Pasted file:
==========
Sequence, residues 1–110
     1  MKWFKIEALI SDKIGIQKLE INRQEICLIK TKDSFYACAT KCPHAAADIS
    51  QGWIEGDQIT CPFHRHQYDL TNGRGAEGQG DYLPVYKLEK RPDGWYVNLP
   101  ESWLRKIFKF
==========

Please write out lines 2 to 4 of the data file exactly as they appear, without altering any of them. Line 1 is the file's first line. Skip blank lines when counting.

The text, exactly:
     1  MKWFKIEALI SDKIGIQKLE INRQEICLIK TKDSFYACAT KCPHAAADIS
    51  QGWIEGDQIT CPFHRHQYDL TNGRGAEGQG DYLPVYKLEK RPDGWYVNLP
   101  ESWLRKIFKF